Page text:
Sony has just launched its newest fast aperture wide-angle prime for its full-frame Alpha lineup: the FE 20mm F1.8G lens. With two advanced aspheric and three ED elements, Sony promises outstanding corner-to-corner image quality, as well as fast autofocus thanks to XD (extreme dynamic) linear focus actuators. Have a look at our sample gallery above, and read our initial impressions about the lens below.
Spoiler alert: it’s a near perfect optic.
The FE 20mm F1.8 is sharp. Sharp and contrasty. One day we hope to have the MTF90, MTF50, and MTF20 graphs to quantitatively show you just how sharp or contrasty a lens is, but for now have a look below at the whiskers and hair on Allison’s feline (slide left to view a 100% crop):
The strand of hair at top, center, emanating from the eye is literally 2 pixels wide, yet perfectly resolved. That suggests this lens, even wide open, is capable of resolving detail for sensors far higher in resolution than the 60MP a7R IV. And the lack of any haziness to detail indicates that contrast is very high, even at this aperture and close focus distance. Animal eye AF also made this shot a breeze to capture.
(Lack of) chromatic aberrations
One of the biggest headaches when it comes to fast prime lenses is longitudinal (axial) chromatic aberration (LoCA), which rears its ugly head as purple and green fringing typically in front of, and behind, the focal plane. It’s not an aberration that you can simply click a checkbox to get rid of, and professional photographers spend hours manually cloning it out. It’s particularly a problem when it comes to wide-angle fast primes.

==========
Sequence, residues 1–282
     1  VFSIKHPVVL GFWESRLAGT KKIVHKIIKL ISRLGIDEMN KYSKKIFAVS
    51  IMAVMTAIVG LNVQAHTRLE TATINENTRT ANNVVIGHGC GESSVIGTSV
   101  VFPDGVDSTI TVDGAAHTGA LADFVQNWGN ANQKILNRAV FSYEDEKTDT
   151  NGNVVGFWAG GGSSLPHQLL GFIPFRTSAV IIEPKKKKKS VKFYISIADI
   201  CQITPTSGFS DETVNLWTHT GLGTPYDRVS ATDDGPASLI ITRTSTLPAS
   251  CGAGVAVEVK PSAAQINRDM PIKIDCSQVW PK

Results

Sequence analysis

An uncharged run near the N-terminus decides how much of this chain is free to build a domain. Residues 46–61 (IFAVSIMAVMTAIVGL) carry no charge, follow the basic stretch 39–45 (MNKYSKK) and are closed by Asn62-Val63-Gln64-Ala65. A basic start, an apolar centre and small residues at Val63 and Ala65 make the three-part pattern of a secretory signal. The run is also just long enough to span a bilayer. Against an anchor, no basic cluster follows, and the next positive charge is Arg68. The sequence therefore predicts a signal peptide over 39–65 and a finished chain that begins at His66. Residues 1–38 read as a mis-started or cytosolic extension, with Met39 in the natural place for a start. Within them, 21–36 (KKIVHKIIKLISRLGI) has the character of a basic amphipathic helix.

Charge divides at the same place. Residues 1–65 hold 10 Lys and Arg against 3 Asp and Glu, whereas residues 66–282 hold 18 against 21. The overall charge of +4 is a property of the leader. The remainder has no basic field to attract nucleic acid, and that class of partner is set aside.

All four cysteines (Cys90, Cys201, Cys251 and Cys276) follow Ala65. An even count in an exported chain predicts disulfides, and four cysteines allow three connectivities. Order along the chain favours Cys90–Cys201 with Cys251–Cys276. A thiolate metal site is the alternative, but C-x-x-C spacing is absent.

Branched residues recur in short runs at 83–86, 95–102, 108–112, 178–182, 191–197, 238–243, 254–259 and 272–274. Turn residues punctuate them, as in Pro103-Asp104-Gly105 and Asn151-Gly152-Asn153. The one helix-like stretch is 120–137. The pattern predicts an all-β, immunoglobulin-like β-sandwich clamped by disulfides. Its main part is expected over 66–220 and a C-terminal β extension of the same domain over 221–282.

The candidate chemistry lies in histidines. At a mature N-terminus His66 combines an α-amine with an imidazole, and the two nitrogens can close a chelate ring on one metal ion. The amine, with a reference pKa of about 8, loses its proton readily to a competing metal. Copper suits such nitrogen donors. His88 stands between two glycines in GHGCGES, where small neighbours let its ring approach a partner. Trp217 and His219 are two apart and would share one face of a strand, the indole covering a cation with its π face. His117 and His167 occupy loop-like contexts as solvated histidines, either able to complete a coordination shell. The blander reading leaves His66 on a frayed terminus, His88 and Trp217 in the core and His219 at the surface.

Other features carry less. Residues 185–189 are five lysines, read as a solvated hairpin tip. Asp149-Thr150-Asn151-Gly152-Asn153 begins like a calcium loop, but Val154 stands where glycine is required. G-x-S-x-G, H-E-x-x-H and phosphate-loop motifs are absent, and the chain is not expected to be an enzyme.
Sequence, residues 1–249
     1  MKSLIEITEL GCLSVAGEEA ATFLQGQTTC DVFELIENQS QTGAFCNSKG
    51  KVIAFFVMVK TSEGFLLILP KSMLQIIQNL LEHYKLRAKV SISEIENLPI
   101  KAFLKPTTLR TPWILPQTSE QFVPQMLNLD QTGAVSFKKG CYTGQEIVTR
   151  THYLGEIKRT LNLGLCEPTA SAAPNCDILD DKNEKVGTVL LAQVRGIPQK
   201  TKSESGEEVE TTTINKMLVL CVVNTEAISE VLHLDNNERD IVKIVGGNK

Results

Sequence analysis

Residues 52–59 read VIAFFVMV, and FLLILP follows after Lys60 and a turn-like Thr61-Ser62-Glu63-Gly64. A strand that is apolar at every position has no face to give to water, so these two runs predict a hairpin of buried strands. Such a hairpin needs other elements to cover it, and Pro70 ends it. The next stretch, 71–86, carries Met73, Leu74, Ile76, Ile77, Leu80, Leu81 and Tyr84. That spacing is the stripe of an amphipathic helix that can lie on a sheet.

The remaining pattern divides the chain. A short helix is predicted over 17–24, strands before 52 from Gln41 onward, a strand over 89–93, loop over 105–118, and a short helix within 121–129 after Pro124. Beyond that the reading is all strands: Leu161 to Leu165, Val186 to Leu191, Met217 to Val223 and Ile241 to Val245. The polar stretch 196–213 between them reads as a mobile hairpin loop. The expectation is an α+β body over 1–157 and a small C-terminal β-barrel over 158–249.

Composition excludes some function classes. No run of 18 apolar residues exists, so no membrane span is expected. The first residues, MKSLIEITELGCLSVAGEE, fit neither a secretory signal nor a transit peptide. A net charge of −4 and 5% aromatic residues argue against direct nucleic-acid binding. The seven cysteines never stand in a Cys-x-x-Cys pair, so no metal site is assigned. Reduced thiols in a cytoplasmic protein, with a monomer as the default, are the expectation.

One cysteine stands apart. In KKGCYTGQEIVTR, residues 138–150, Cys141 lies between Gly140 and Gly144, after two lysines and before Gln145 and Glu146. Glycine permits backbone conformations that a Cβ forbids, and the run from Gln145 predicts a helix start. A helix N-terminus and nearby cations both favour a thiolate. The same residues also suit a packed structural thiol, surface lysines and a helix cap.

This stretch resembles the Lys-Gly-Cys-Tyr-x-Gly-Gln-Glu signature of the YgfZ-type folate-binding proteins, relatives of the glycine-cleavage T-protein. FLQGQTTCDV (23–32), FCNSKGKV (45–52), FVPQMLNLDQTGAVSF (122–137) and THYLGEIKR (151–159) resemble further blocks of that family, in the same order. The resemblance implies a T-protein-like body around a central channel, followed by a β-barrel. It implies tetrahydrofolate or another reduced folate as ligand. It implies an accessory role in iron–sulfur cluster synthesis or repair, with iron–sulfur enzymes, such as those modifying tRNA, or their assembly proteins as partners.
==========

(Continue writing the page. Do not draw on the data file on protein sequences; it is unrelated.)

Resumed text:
This lens has almost no detectable LoCA or fringing to speak of. This is pretty remarkable. Have a look above, sliding left to view feline hairs at 100%. Typically, backlit hairs will have magenta fringing and green fringing on hairs in front of, and behind, the plane of focus, respectively. But we see nothing of the sort. And the window in the background shows no color fringing around its edges, also indicating the lack of any detectable LoCA. This is truly impressive for a fast wide prime. View the full-resolution image and judge for yourself here.
Lateral chromatic aberration
If you’re worried about lateral chromatic aberration (LaCA), the one that is easy to fix in post-processing software, well, don’t be. There’s not much of it, and Raw converters automatically correct for it (also corrected in JPEG) so as to not leave any trace of it in your final output. Thankfully, lateral CA is well enough controlled that even corrected images don’t show much softening when viewed at 100% in the corners, as you can see below (slide left for the 100% view):
Distortion and vignetting
Distortion is extremely well-controlled, and can be easily remedied by leaving distortion correction enabled in the camera settings. Hover over (or click, on mobile) the ‘corrected’ and ‘uncorrected’ states below to see the extent of distortion and vignetting corrections when it comes to this lens, when shot wide open:
|Uncorrected (F1.8)||Distortion & Vignetting corrected (F1.8)|